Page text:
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In this episode of the Laker Film Room podcast, Pete and I discuss whether the Lakers should chase star players this summer and, specifically, whether Paul George or Blake Griffin should be options. We take a look at both players’ skill sets, how they mesh with the team’s current group of young players, and how either acquisition would impact roster construction.

After talking about George and Blake, we get into the NBA playoffs and discuss what we’re seeing in some of the series. We specifically get into Houston/OKC, Memphis/San Antonio, and Toronto/Milwaukee. Click through to listen to the entire episode.

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The off-season is here for the Lakers and that means a slow-down of news around our forum blue and gold clad basketball team. Fear not, though, faithful FB&Ger’s as there is still plenty of good reading and listening around the web to consume you until the next piece of breaking information comes out of El Segundo or Staples Center.

With that, below are some things I have been checking out around the web, along with a few thoughts of my own. Enjoy and have a good weekend…

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Basketball is one sport where having that one singular difference maker can matter most. With only 10 players on the floor at one time and each team’s 5 man unit responsible for offense and defense simultaneously, having the guy who is the best player matters a great deal. This is one reason why trades are often viewed through the prism of the team who won the trade is often the one who got the best player. The value of that guy is simply too high to be adequately replaced my multiple, lesser talents or a cadre of draft picks.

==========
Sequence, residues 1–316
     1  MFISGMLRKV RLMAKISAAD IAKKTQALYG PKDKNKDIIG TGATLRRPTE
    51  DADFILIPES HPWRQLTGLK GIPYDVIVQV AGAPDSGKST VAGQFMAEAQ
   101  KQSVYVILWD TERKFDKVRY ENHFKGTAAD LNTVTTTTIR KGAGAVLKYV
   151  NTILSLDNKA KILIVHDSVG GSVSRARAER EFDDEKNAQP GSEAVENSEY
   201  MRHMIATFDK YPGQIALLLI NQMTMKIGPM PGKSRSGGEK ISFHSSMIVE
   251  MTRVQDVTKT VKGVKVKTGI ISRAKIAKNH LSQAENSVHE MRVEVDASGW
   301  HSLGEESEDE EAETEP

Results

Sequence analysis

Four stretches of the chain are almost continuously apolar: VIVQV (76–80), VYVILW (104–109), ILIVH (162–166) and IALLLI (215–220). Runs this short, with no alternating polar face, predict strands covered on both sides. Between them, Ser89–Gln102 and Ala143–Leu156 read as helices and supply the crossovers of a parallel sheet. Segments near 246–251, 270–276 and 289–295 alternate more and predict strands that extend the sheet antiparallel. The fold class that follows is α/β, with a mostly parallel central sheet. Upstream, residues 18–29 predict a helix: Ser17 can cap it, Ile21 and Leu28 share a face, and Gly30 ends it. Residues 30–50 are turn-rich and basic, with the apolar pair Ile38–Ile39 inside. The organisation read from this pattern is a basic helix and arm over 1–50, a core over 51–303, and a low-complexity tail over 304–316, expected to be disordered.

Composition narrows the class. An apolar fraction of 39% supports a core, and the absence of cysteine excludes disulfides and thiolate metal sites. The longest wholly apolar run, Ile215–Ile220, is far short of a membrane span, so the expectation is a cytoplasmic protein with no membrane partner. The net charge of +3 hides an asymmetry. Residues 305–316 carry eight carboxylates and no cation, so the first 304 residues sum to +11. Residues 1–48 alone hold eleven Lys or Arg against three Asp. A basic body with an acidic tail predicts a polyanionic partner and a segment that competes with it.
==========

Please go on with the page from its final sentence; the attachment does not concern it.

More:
I have been thinking about the idea of the best player more and more in recent days after we got through our first weekend of playoff basketball (and, in some cases, into game 2’s). At the time I am writing this this is where each playoff series stands:

  • Warriors 1, Blazers 0
  • Spurs 2, Grizzlies 0
  • Rockets 1, Thunder 0
  • Clippers 1, Jazz 1
  • Celtics 0, Bulls 2
  • Cavs 2, Pacers 0
  • Raptors 1, Bucks 1
  • Wizards 1, Hawks 0

Looking at those results, I’d argue the best player theory is well on its way to holding true. Here’s who I’d label the best guy from each series (in some cases, I’ll name two guys if I think it’s close):

  • Kevin Durant, Steph Curry (both Warriors)
  • Kawhi Leonard (Spurs)
  • James Harden (Rockets), Russell Westbrook (Thunder)
  • Chris Paul (Clippers)
  • Jimmy Butler (Bulls)
  • LeBron James (Cavs)
  • Giannis Antetokounmpo (Bucks)
  • John Wall (Wizards)

Of course basketball remains a team sport and there will be cases where even if a team has the best player, an accumulation of really good (to legitimately great) players on the other team will make the difference in a playoff series. After all, playoff preparation, with its hyper-focused game-plans can mean that even the best player in a series can be neutralized or simply overcome by a more complete roster on the other side. We’ve seen this throughout history and this year will be no different.